Backdoored Display Widgets Plugin potentially affects 200,000 WordPress installs abusing them to spam content

Pierluigi Paganini September 15, 2017

Around 200,000 WordPress websites using the Display Widgets Plugin were impacted after it was updated to include malicious code.

According to security firm Wordfence, roughly 200,000 WordPress websites were impacted after a plugin they were using was updated to include a backdoor.

“If you have a plugin called “Display Widgets” on your WordPress website, remove it immediately. The last three releases of the plugin have contained code that allows the author to publish any content on your site. It is a backdoor.” reported Wordfence.

“The authors of this plugin have been using the backdoor to publish spam content to sites running their plugin. During the past three months the plugin has been removed and readmitted to the plugin repository a total of four times. The plugin is used by approximately 200,000 WordPress websites, according to WordPress repository.”

display widgets plugin-repo-page

The plugin is Display Widgets, the author sold it to a third-party developer on May 19, 2017, for $15,000.

A month after the sale, the plugin was updated by its new owner for the first time showing strange behavior. The plugin had been updated several times since September when it was already removed from the plugin repository multiple times.

The Display Widgets plugin version 2.6.0, released on June 21 was removed from the repository just two days later after experts noticed it was downloading 38 megabytes of code (a Maxmind IP geolocation database) from an external server.

A few days later, on June 30, it was released the version 2.6.1 that was discovered containing a malicious file called geolocation.php and allowed to post new content to websites running the plugin. The code in the page also allowed the author to update and remove content without giving any indication to the site admins.Display Widgets was removed from the WordPress repository on July 1.

Finally, the Display Widgets plugin was removed from the WordPress repository on July 1, anyway, the author continued to issue further releases.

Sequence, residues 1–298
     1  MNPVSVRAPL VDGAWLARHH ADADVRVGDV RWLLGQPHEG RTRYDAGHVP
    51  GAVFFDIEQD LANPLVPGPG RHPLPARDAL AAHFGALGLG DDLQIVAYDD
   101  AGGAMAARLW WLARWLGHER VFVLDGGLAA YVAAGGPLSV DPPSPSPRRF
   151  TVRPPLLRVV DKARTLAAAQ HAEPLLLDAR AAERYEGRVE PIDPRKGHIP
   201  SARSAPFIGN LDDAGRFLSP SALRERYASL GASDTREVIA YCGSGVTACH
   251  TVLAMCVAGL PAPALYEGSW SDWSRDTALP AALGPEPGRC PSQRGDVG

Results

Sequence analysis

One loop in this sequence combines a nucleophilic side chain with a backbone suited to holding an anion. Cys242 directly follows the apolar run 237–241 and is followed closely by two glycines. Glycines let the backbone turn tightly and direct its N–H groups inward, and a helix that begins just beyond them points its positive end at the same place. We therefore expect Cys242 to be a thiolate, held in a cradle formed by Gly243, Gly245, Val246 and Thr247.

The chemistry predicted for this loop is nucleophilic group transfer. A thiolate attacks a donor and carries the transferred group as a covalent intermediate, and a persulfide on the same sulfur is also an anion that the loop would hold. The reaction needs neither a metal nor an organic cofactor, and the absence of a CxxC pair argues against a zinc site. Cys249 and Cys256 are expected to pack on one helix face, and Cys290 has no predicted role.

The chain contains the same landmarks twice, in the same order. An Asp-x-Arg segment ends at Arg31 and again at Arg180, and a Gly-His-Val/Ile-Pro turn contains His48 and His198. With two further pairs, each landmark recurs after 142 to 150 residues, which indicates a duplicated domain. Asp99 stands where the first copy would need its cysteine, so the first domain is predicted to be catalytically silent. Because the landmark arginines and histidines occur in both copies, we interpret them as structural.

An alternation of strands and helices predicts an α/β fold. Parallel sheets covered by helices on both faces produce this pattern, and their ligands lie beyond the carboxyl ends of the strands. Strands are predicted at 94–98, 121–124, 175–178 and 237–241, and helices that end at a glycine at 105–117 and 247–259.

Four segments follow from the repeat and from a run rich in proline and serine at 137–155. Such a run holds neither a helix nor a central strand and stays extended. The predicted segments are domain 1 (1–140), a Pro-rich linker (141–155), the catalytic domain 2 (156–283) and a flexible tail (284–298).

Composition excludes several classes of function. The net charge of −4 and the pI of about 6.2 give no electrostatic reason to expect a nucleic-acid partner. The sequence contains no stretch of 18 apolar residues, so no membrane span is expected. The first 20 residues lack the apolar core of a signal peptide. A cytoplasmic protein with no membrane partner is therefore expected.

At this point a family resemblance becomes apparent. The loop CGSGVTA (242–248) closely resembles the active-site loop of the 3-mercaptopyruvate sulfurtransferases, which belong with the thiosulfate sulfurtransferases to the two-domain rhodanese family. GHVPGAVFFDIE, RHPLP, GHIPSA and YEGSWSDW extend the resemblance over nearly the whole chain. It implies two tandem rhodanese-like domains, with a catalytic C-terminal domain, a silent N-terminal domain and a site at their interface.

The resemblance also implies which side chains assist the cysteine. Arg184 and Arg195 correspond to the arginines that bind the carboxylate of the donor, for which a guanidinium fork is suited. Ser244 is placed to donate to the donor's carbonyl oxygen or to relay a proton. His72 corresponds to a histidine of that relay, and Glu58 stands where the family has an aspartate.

The Version 2.6.2 of Display Widgets was released a week later, the malicious code included was updated, but the plugin was then removed from the plugin repository on July 24. The plugin owner published version 2.6.3 on September 2, also in this case the malicious code was updated to fix a bug. Display Widgets was removed from the WordPress plugin repository on September 8.

Plugin owners speculated that the malicious code was a vulnerability that could be exploited in combination with other plugins to display spam content to users.

According to the experts, WordPress installs using version 2.6.1 to version 2.6.3 of Display Widgets are possibly impacted by the malicious code and might be displaying spam content.

Wordfence highlighted that the new plugin owners may have intentionally acted to compromise the websites using the plugin, because they included a fix for the back door in the latest release, meaning they were aware of its flaw and were exploiting it for malicious purposes.

Further investigation allowed the experts to discover that the man behind plugin spam was the Briton Mason Soiza (23) who bought the plugin in late May. The original author, who goes online with the moniker Strategy11, confirmed that Soiza approached his development team claiming his firm is trying to “build one of the largest WordPress plugin companies” and that they were already distributing over 34 plugins.

One of these plugins dubbed 404 to 301 was found delivering spam for a website owned by Soiza last year. The server used to serve spam to the plugin hosts a website owned. by Soiza. While Soiza claims to have purchased the Display Widgets plugin only earlier this year, experts with Wordfence believe it could be involved in suspicious activities. Wordfence discovered that he used also the Kevin Danna alias and that he has interests in online business such as payday loans, gambling, and escort services, among others.

“He has interests in a wide range of online business that include payday loans, gambling and ‘escort’ services, among others.” reported Wordfence.

Soiza claims to have sold Display Widgets for profit shortly after buying it and denied being involved in any illegal activity.

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Pierluigi Paganini

(Security Affairs – Display Widgets, spam)

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